Often, if ear diseases such as otitis externa (ear canal inflammation) or infection are present, the ear will smell different. This new odor might attract your cat to the ear and lead to excessive licking. The other cat might be more receptive than usual as this grooming might give them some relief from any pain and itchiness.

Common symptoms of ear disease include:

  • Red and inflamed ears
  • Funny smell
  • Head shaking
  • Head is tilted down on one side
  • Rubbing their ear

If your cat is showing these signs, it is best to get them checked by your vet. The veterinarian can examine the ear canals carefully with an otoscope. If they are concerned about the ear, treatment may be prescribed. It is essential that your other kitty does not continue to try to wash that ear out themselves. Not only will it worsen the ear infection, but ear products might cause drooling and nausea if licked and ingested.

How Can I Stop My Cat From Eating Earwax?

cat playing with toys

If a cat is displaying an unwanted behavior, always try to distract and replace with a more appropriate behavior rather than punish them or shout.

When your cat has a strong drive for an instinctive behavior, it can be hard to stop them. Try redirecting the licking toward other rewarding activities, such as new toys or puzzle feeders. Smelly treats can do the trick too. Some cats love textured licking mats which entice them to spend time licking canned cat food from all the cracks and crevices.

If you’ve seen your cat nibbling at Q-tips (cotton ear cleaning buds), this might be a bit of a worry. Cotton earbuds, ear pods, ear plugs, or anything that smells of delicious protein-filled earwax might appeal to your kitty. But these bite-size items could cause an intestinal obstruction if they are eaten. It’s best to stop access to these objects altogether by placing used Q-tips in a trash can that has a lid and earbuds in a secure case.

Cats should also be prevented from licking at another cat’s or a person’s ears if they have been using a cleaner or medicated drops, so that they do not ingest any of this solution.


As you can see, eating earwax is generally absolutely fine and completely normal for our pet cats. However, there are circumstances where you need to be a little more vigilant and divert your cat to other behaviors.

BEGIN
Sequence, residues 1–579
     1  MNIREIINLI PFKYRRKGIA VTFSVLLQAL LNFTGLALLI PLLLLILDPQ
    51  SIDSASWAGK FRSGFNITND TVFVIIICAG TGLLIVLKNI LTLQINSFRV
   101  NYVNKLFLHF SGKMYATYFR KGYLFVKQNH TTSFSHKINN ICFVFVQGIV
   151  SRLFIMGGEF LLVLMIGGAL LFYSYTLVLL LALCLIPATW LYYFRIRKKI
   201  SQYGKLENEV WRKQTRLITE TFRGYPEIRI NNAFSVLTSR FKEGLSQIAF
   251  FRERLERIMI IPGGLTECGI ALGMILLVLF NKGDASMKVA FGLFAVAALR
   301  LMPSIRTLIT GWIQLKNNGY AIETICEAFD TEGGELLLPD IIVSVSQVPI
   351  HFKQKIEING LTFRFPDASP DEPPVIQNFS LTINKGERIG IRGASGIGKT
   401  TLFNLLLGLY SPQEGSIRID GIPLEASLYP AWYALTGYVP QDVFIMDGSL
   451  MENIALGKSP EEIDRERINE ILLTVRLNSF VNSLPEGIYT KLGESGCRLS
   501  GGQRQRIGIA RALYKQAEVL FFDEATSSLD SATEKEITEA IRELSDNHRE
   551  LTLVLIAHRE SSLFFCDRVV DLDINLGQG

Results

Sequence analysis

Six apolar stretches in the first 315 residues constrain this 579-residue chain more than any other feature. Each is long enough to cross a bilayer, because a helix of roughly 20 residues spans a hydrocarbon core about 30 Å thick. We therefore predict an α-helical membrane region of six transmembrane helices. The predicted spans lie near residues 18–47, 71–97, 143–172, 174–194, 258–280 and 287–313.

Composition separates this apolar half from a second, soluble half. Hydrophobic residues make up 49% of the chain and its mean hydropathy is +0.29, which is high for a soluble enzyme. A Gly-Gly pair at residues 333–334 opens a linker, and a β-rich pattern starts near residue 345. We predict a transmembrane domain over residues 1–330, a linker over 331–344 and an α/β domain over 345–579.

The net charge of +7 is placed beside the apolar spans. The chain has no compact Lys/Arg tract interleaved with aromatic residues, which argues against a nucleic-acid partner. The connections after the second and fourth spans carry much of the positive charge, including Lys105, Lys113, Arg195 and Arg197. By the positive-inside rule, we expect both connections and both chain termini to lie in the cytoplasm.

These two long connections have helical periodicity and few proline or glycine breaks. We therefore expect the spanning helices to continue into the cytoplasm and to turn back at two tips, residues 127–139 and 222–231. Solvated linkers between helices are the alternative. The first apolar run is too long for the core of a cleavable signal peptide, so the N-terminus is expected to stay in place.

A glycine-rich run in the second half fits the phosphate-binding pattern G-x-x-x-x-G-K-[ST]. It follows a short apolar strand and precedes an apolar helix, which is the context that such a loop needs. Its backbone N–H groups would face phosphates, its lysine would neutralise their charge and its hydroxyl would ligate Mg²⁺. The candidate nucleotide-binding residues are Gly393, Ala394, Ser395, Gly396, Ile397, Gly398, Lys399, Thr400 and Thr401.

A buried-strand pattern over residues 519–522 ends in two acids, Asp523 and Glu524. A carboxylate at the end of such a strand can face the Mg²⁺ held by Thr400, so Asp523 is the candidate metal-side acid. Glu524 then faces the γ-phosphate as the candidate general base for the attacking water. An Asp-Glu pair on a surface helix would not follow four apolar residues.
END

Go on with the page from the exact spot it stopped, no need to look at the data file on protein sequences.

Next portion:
Always be gentle and reassuring with your cat when they are doing something that could be harmful and never reprimand them. Eventually, if they are given enough distraction, they may decide that there are other more exciting things to do than to spend their time licking your ears!

Related Conditions:

Frequently Asked Questions

Is human earwax good for cats?

Human earwax contains protein and fatty acids, so it does possess some nutritional value. Of course, your cat will only be consuming small quantities, so it is unlikely to be a beneficial part of their diet! For some cats, the connection with others and the act of grooming can be mentally enriching and calming, greatly benefiting their quality of life.

Is it safe for cats to eat earwax?

Generally, it is very safe for cats to eat earwax, and it shouldn’t cause your cat any issues. However, take care if they are licking an ear that has been recently medicated or cleaned. In addition, eating wax from small objects can be risky. Q-tips and waxy earplugs could cause choking or a blockage of the intestines if they are swallowed.

Is it ok for my cat to groom me?

Being groomed by your cat can be a very bonding experience, although it is not to everyone’s liking! Cat saliva contains bacteria, so you should avoid them grooming you if you have open cuts or sore skin. People with cat allergies should steer clear of cat saliva too, as it is often the protein in the cat’s saliva that triggers an immune response in sensitive people.

View Sources
Cats.com uses high-quality, credible sources, including peer-reviewed studies, to support the claims in our articles. This content is regularly reviewed and updated for accuracy. Visit our About Us page to learn about our standards and meet our veterinary review board.
  1. https://icatcare.org/advice/allergies-to-cats/

  2. Verbrugghe, A., Hesta, M. (2017), Cats and Carbohydrates: The Carnivore Fantasy? Veterinary Science 4(4), 55

  3. Wright, T. (2015), Ear wax. British Medical Journal Clinical Evidence. 0504

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About Dr. Rosalind Wright

Dr. Wright currently has a role at a veterinary hospital. She developed a strong interest in small animal emergency and critical care medicine. She enjoys writing for vets, particularly on cat behavior and nutrition, and leads a local team for the charity StreetVet.